As any TV property guru will tell you, you don’t make money when you sell a house you’ve developed. Your maximum profit was decided earlier, when you bought it.
Savvy developers don’t make the mistake of falling in love with a building, and paying over the odds for it. Their approach is rational: look for exactly the right property, at a price as far below the potential resale value as possible. Whether that means the worst house on the best street … or the largest house in an area with aspirational families in social group AB1.
And it’s no different for your next database-driven marketing campaign. The ROI of that campaign is hugely influenced by the decisions you made when obtaining the data. Otherwise known as your data strategy.
Your campaign collateral may look beautiful. The copy sells your benefits with aplomb. The message is perfect for your audience. But if the people on your marketing list aren’t in that audience? You’re looking at response rates one DM supremo nicknamed “the low zeroes”.
So what can today’s marketer do to boost response metrics into the digits?
The answer goes beyond just buying 5,000 names when you’re ready to roll out. It means making choices about data – and buying data – earlier.
Echoing the property pages, you make money when you buy. Not when you sell.
When should that buying process begin? The same time your marketing cycle does: the planning stage.
To find the best new prospects, look at your existing ones
At the time you’re planning your next cycle, there are countless insights to be gleaned from your existing customers. And not always in the way you’d think. The questions you can ask yourself (we do it all the time!) can send your data strategy in a whole new direction.
If your customers are all engineering companies in the automotive sector, you might think “other engineering companies” are your best prospects. And you’re probably right. But a little creative thinking can work wonders on boosting response when targeting.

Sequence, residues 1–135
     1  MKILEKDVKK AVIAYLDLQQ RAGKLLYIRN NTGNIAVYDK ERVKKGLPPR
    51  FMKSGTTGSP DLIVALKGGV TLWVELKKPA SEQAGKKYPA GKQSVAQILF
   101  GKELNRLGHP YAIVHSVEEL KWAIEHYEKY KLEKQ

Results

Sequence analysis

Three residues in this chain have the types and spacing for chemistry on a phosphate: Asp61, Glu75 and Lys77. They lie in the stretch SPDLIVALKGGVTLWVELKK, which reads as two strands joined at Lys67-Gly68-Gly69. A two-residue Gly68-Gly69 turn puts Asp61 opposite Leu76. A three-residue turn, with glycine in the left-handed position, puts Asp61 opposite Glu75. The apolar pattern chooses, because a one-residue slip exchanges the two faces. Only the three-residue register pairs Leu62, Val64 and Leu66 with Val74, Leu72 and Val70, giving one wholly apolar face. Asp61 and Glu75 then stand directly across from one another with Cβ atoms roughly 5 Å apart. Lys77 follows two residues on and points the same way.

Name and adddress data is not the only data. Today’s marketing databases contain a huge range of useful “metadata” (data about data) you can make use of . . . if you look at it through the right lens.
One example is the SIC codes that describe virtually every type of business in the UK. They’re not just random lists of numbers; they group together business activities at increasing levels of resolution. Starting with a few broad categories, then drilling down into exact descriptions.
When building a marketing database, the first step for many marketers is simply to search for prospects with the same SIC code. But this often means missing companies in SIC classifications a short “distance” away. Companies that are great prospects for your services, because they suffer the same business pains as your customers… but happen to work in a different sector.
Or perhaps your customers are all of a similar size: 50-80 employees. That could mean they’re ready to grow and achieve scale. What if you targeted prospects not by sector, but by size? It might unlock a whole new revenue stream for your business. (A good data strategy can sort prospects by this, too.)
It’s questions like these that can help identify fresh prospects… by looking at existing customers, and at psychographics more than demographics. The best part? You’ve got the data to answer those questions in your business already.
To target your next campaign, look back at your previous
Looking at your existing customers works. And looking at your existing campaigns works, too.
When you review your campaign data, it’s worth diving deeper into what those responses meant. Did your best customers take a while to respond? Did they receive 3-5 communications before contacting you? Did they respond themselves, or pass it to someone with another job title? Or do they read your sales letters, then respond by a different route, like coming to see you at an event?
(You wouldn’t know it from looking at some young agencies, but there’s more to life than email marketing!)
If you know the length and stages of their buying cycle, you can shape your data strategy around it. Planning your customer outreach in sync.
To find out what does work, look at what didn’t
Lastly, remember the value of a data-driven marketing strategy is – often – what it tells you not to do.
So learn from what didn’t work. There’s value in knowing your marketing promise worked on one segment but not another. That DM works for products but email for services. That what worked in Birmingham didn’t work inside the M25.
Even using a business database correctly puts you ahead of many B2B marketers. (Including some of the big boys). By buying data and making choices early, you can unlock every last bit of value in it.
In summary: to look forward, watch your six
With the right approach, a data-driven marketing strategy can be safe as houses.